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Women walk home after collecting water in Santa Isabel August 19, 2014. According to a recent report by the Famine Early Warning Systems Network (FEWS NET), run by the U.S. Agency for International Development (USAID), low rainfall linked to the El Nino weather phenomenon has led to drought in parts of Central America, causing widespread damage to crops, shortages and rising prices of food, and worsening hunger among the region's poor. REUTERS/Oswaldo Rivas (NICARAGUA - Tags: DISASTER ENVIRONMENT SOCIETY) - GM1EA8K11WC01
Op-Ed

WTO and food stock holding row: Why India must strengthen world body

Editor's Note:

This article first appeared in the Financial Express. The views are of the author(s).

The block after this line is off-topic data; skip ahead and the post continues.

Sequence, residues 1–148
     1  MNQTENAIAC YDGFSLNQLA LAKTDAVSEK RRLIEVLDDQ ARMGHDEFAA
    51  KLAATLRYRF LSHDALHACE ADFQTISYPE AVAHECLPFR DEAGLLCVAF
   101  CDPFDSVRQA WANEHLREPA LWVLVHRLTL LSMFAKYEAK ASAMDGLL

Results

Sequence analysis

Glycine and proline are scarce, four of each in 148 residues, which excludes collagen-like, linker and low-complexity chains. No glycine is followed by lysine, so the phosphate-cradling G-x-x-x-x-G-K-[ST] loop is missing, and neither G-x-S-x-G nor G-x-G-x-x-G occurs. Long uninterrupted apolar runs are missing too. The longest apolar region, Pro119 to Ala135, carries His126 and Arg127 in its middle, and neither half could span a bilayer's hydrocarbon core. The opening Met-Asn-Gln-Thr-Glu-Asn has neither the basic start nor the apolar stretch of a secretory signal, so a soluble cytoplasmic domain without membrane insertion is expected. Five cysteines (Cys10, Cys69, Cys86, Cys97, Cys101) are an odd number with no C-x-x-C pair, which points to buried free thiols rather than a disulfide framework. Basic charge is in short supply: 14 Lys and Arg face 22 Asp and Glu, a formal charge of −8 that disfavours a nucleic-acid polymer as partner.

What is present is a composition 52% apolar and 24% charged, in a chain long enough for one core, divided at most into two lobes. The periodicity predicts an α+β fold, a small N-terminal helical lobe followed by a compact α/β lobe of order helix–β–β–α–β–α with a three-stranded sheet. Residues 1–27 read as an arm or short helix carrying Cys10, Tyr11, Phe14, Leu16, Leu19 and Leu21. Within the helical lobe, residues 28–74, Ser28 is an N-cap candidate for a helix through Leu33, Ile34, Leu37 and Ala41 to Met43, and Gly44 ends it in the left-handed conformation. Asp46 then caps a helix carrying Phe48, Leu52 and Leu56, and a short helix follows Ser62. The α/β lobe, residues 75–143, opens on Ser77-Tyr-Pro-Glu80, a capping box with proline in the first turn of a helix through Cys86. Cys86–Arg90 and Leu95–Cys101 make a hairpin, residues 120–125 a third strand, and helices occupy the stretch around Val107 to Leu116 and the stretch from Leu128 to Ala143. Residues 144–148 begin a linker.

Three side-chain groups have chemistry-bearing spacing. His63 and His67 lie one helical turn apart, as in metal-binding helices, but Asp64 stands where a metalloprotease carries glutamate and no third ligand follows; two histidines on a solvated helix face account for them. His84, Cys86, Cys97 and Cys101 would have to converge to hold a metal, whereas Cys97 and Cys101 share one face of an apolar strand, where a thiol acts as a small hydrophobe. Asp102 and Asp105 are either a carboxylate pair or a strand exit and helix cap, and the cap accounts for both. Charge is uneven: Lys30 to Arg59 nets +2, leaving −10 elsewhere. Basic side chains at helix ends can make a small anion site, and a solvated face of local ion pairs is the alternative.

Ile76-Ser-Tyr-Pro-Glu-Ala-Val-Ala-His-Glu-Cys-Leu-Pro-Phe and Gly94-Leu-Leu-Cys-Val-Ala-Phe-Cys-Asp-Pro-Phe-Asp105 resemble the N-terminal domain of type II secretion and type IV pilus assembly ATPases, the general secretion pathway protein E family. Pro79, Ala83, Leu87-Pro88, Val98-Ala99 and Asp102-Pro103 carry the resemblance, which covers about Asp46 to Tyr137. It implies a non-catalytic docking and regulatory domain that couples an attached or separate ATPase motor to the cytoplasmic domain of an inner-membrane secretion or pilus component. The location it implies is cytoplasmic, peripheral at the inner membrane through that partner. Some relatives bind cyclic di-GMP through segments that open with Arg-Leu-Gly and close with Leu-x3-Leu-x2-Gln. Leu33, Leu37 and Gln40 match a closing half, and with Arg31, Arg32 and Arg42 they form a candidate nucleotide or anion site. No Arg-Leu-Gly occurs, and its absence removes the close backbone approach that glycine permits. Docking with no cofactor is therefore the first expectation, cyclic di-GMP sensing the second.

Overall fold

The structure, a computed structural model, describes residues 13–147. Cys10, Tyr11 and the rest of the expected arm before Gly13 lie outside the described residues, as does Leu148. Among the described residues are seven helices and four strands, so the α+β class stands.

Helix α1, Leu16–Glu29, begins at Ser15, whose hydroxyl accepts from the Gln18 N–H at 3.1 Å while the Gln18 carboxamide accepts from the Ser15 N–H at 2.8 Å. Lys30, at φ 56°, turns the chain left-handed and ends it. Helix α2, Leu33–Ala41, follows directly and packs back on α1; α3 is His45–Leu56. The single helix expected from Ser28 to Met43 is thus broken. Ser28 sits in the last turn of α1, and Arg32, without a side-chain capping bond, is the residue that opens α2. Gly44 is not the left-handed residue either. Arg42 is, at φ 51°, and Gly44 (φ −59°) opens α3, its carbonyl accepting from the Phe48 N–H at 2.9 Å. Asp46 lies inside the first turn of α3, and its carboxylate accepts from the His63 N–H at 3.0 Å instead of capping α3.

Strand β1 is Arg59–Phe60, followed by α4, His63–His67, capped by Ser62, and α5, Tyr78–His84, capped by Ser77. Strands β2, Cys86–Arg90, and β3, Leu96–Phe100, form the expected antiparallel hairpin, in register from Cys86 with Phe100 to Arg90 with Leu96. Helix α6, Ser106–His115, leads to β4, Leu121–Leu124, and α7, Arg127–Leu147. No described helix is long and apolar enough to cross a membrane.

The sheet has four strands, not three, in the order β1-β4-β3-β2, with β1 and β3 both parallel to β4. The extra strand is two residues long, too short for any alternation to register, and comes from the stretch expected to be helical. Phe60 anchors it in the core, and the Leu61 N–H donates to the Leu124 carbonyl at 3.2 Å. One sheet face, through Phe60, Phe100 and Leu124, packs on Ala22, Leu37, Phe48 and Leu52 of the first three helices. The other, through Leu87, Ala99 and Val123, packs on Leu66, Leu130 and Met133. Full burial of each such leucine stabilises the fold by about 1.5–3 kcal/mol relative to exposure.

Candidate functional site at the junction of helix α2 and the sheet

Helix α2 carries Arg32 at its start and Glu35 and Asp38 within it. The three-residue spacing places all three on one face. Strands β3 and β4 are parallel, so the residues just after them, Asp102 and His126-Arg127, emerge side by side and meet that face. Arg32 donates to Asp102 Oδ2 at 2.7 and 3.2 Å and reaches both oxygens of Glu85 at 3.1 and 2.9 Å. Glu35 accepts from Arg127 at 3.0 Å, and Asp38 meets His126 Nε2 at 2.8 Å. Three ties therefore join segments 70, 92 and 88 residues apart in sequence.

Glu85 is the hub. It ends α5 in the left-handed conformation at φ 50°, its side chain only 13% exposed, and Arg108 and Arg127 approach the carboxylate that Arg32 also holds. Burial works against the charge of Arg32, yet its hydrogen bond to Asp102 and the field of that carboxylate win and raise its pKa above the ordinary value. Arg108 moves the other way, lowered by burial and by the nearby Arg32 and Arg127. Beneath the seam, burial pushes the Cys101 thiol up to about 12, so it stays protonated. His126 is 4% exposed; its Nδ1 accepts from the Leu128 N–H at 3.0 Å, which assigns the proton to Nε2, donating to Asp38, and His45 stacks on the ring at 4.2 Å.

WTO’s 11th Ministerial Meeting ended on December 13 in Argentina, without any negotiated agreement on substantive issues. The Ministerial Decisions taken are on continuing work in certain areas, and renewal of two previously agreed Decisions which have been reiterated every Ministerial meeting. The negotiations on agriculture, including food stockholding, were blocked by the US, the largest global economy and the second-largest agriculture trader in the world. The US made two significant points in the context of this Ministerial. One, that the focus in WTO discussions should be on improving the system. Two, the era of consensus-based multilateral agreements in WTO is over. Now, substantive results are possible only in the form of plurilateral agreements, i.e., agreement among a limited number of members rather than the entire WTO membership. Food stockholding (FS) has been a major focus of India in WTO negotiations. There are two different views in India. One is that we already have the peace clause as a permanent mechanism and thus there is no need to emphasise the permanent solution. A very different view is that if we do not get a WTO permanent solution on FS, it will be a disaster for us. Both these views are not based on a complete consideration of the issues involved.

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